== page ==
Chris & his team were really helpful from start to finish & we can not thank them enough 

Get In Touch!

Whilst buy-to-let mortgages are different to residential, one thing they do have in common is the costs involved in the process.  

However, there are some slight variations such as a bigger deposit and other fees, charges and costs associated with buy-to-lets that you will need to consider. 
 
Deposit 
 
The obvious one.  

There is usually a minimum deposit of 25% but it can vary between 20-40%, depending on which lender you opt to apply to, with the better mortgage deals at the upper end.  

 

The maximum amount you can borrow for a buy-to-let mortgage varies, and depends on the amount of rental income that you expect to receive from your tenants.  
 
As a rule of thumb, lenders will want the rental income to be around 25-30% higher than what you’re paying on the mortgage. 

 

Put simply, the bigger the deposit, the better you look and the better the interest rates the lender will offer you will be. 
 
Valuation Fees 
 

Once you have had an offer accepted on a property, your lender will need to carry out a valuation to ensure that it’s worth the amount that they’re lending to you.  
 
Some lenders incorporate this into the mortgage repayment, so you won’t have to pay anything up front, but if they don’t, then you will need to pay between £200 and £500 for this. The actual cost will usually be determined by the type and of cost of the property that you’re buying. 
 
Buyer Surveys 
 
Whilst a lender’s valuation tells you about the value of the property, it won’t tell you anything about the condition of the property or any underlying issues it may have. 

To do this, you will have to commission your own survey from an independent surveyor which your solicitor will often recommend for you or you can choose your own at the Royal Institution of Chartered Surveyors. 

The cheapest and most basic survey is known as the Home Condition Survey which is usually recommended for new-build homes and costs around £250. 

A more in-depth survey, known as a Homebuyer’s Report, which also includes a valuation that your mortgage lender could use, is also available for around £400. 

The most detailed survey, known as a Structural Survey, is ideal for older or listed buildings is available for anything upwards of £600. 
 
Local Authority Searches  
 
To ensure that there are no planning issues with your property – i.e. a major road or property development being built nearby – that could affect your purchase, a search will have to be carried out for around £300.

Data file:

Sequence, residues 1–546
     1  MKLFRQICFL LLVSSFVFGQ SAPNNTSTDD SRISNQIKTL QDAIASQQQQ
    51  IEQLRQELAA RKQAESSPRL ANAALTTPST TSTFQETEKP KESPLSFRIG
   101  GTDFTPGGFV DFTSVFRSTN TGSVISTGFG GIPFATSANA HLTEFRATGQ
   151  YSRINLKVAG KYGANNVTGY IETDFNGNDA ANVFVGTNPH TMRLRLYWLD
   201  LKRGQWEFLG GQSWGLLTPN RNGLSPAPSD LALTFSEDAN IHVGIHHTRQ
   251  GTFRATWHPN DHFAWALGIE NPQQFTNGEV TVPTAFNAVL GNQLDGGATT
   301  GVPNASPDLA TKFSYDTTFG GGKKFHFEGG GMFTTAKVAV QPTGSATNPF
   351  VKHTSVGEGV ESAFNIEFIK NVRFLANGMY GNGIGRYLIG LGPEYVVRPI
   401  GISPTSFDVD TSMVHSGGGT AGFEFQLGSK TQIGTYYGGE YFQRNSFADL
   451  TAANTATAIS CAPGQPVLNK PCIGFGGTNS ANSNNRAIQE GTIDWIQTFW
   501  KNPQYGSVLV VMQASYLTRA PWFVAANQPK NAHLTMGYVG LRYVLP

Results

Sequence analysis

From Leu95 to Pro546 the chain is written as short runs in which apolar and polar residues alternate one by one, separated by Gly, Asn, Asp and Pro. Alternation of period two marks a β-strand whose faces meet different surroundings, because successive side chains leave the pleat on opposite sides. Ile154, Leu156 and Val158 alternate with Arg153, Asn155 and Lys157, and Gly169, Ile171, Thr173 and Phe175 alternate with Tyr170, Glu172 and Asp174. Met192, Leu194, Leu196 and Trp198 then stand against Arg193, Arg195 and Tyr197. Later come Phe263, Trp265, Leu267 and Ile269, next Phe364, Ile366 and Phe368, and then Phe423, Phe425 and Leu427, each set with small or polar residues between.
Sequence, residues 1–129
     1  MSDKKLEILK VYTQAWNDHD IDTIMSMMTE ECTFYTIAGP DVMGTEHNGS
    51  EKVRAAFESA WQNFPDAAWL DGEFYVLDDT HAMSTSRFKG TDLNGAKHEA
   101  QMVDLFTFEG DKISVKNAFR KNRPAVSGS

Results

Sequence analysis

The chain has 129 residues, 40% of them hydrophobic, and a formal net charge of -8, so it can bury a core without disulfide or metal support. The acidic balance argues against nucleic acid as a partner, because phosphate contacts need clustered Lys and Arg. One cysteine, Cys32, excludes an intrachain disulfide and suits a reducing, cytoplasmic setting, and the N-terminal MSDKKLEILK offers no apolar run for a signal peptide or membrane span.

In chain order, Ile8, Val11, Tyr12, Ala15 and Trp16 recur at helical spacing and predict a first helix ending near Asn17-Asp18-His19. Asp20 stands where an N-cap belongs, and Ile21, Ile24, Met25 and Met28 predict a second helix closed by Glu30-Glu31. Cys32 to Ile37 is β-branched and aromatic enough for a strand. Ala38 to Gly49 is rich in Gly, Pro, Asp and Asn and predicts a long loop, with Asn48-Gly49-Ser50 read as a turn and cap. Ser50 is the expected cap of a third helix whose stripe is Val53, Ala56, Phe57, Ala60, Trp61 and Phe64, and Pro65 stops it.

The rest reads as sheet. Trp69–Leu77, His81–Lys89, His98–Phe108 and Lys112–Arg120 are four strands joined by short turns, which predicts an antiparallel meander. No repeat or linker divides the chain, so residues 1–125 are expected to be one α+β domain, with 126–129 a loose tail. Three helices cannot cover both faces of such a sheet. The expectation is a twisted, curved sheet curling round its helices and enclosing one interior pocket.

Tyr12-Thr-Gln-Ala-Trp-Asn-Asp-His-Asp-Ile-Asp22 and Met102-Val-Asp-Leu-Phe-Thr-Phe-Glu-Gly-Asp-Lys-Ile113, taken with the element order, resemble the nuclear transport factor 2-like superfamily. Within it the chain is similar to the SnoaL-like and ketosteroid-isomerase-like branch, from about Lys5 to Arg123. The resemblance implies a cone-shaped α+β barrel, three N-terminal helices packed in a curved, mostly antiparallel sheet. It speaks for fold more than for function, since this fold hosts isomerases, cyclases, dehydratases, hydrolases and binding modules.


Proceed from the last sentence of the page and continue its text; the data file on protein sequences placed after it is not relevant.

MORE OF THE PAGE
Mortgage Fees 
 

As expected, lenders charge for lending you money. 

On top of the interest that you’re charged on your mortgage, there will also be fees that you need to pay. 

There are arrangement fees that are usually charged as a percentage of the loan and can be around the £1,500 mark as a result, but you should get the option to add this to the mortgage, so you don’t have to pay it back in one lump sum. 

You also need to consider administration and product fees, and depending on the type of mortgage or property, you may have to pay an additional £50 or so to have the mortgage money transferred to the seller’s solicitors. 

Nowadays, many lenders waive a lot of these fees, but you still need to double check what’s in your mortgage offer. 
 
Solicitor’s Fees 
 
In order to handle all of the legal aspects of your purchase, you will need to hire a solicitor or licensed conveyancer.  

They will handle everything from the payment of Stamp Duty to the transfer of the funds.  

Your mortgage broker will be able to recommend one, but you can choose your own if you wish, and it will usually cost between £500-£750 – depending on the size of the mortgage. 

Landlord Insurance  
As a landlord, you will need landlord insurance to protect you against everything normal house insurance would, as well as non-payment of rent or damage to your property by your tenants. 
 
There’s no legal requirement for you to have this insurance, but your lender may instruct that you need to have this as part of their agreement.  
 
A standard home building and contents insurance policy won’t apply to some of the risks that you face as a landlord such as loss of rent so you need to ensure that you get landlord insurance to avoid being affected.  

 

For advice on the costs involved in getting a mortgage if you’re a landlord, speak to one of our expert advisers who will be able to help you with the next steps.